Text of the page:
We decided to take more initiative, or Marti would likely die in our spare bedroom or alone in her rented room. Deb went back to the clinic with Marti. There, to her surprise, Deb discovered that on Marti’s two previous visits, she had been told to go to another hospital to do a sputum test. They suspected Marti had tuberculosis, but protocol required it to be confirmed by a sputum test at a different hospital in the city.

In front of Deb and the doctor, Marti declared in her weak voice, “I do not give my saliva to anyone!” The doctor told her that if she had tuberculosis, she would die from it. We had also warned her for weeks that if she contracted COVID, it would probably quickly kill her, given her poor health and malnutrition. Upon returning to our house, Deb asked Marti why she refused to do the sputum test. She said she had been told that no one should give their saliva to someone else. “They can do bad things to me with it.”

Marti was terrified someone would use her saliva to put an evil curse on her. She feared her saliva would be used against her in the power of the spiritual world, so she refused to take the sputum test. (Some here also believe their hair or nails can be used to put evil curses on them, so they choose a barber carefully and quickly bury their hair and nails.)

Marti already felt cursed. When we met her a few years ago, she had already been married for several years but never became pregnant. Eventually, her husband’s family pressured him to leave her and find another wife who could give him children. In this culture, relatively few have health, unemployment or retirement benefits from an employer or even the government. There is no social security for most people. Adult children are the only social security and retirement option for the vast majority of people.

Without a husband and children, a woman’s long-term future is often bleak and insecure in this culture. Few men will support a woman who cannot bear children, so Marti’s marriage options are very limited, even if she is healthy. Many families have relatives who “give” children to barren women in their family — but living as a single woman for the last several years, Marti has struggled to provide for herself, much less for children who might be given to her by relatives.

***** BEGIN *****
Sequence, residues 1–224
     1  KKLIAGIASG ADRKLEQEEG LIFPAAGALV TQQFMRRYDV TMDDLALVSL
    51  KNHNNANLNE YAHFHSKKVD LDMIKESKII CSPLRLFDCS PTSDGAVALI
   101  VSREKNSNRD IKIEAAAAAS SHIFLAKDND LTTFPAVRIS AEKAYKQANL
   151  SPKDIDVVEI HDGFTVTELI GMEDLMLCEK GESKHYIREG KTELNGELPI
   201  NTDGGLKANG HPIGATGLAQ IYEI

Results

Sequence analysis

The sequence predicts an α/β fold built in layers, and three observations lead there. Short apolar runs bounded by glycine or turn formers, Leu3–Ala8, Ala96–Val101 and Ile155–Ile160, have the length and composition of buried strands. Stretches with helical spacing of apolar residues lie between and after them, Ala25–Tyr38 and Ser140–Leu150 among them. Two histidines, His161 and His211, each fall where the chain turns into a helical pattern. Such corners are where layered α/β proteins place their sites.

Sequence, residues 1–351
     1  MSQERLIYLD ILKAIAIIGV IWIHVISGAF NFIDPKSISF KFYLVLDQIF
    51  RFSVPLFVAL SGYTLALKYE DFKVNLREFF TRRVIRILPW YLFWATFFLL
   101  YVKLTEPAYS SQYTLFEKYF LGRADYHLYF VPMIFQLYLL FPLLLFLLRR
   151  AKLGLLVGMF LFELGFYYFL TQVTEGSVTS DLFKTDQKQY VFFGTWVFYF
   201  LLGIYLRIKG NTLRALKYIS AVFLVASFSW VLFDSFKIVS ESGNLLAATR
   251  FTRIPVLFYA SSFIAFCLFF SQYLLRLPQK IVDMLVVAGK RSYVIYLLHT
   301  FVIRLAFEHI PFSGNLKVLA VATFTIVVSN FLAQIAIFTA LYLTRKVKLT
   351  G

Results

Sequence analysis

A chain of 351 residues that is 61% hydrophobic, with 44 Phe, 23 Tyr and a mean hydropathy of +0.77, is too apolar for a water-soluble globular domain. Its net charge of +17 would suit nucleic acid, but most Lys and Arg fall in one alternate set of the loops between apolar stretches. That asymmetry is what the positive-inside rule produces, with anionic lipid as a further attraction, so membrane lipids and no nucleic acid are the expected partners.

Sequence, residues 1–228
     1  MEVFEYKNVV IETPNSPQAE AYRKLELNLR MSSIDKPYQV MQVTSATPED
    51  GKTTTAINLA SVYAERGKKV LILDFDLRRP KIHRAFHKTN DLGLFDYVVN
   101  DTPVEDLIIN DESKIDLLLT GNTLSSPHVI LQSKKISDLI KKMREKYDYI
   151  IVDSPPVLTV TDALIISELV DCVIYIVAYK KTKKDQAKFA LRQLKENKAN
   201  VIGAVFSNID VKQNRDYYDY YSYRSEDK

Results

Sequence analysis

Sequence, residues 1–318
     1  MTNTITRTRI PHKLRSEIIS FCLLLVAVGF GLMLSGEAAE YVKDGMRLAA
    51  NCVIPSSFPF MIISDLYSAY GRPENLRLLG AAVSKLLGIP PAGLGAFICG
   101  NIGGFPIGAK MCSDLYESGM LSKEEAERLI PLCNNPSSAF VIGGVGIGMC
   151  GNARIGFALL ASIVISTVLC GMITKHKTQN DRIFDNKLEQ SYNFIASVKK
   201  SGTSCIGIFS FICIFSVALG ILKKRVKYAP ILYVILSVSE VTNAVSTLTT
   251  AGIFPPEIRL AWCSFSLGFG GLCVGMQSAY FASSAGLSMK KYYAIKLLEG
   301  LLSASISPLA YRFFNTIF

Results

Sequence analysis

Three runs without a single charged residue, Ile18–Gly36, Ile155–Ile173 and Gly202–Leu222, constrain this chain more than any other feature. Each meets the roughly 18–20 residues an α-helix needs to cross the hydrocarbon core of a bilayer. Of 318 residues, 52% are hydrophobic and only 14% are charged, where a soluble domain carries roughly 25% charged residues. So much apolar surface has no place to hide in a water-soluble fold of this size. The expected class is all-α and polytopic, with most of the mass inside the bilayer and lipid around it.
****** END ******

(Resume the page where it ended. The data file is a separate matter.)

About two weeks ago, Deb convinced Marti to take the sputum test, explaining that tuberculosis or COVID would probably end her life within weeks or months without proper treatment. Five days later, we got the results of the sputum test. She has advanced tuberculosis.

Since TB is quite contagious, she must inform the family she’s been renting a room from that she is TB positive. They will kick her out. No one here wants to be near someone who has the contagious “bad cough.” In part, this is why Marti’s family and friends have had little to do with her. They seemingly consider her cursed or carrying a serious, contagious disease that they want to stay far from. So when we met her again in April, she was on her own — sleeping and eating wherever she could.

Marti’s paralyzing fear of being cursed kept her from the medication that will hopefully prolong her life. She should have started the TB treatment three months ago when she first went to the clinic. She may have some permanent lung damage, but we are praying she will recover enough to regain her health and work again. Malnutrition and this illness have affected her mentally, and she is not able to take care of herself and follow the treatment regimen on her own right now. So, she will stay with us for the next couple of months as Deb oversees her treatment and recovery. We pray she will also eventually be reincorporated into her extended family.

Though Marti has made claims to be a Christian (she is from the Bassari people group), her fears of the spirit world still have a stronghold on her life. She seems to have one foot still in the grip of her traditional religious past. It’s a common challenge here. Pray especially for Deb as she takes on this unexpected ministry to nurse and love Marti back to mental and physical health. Pray that Marti comes to a clear conviction that Jesus is her King and Savior, and that he will protect her from evil spirits. Pray for Deb as she disciples Marti to trust our Almighty God with her fears and needs.

Brad M., Global worker, Senegal, Africa

Brad and Deb are co-leaders of the SenSahel Initiative. Learn more at https://converge.org/missionary/brad-deb-m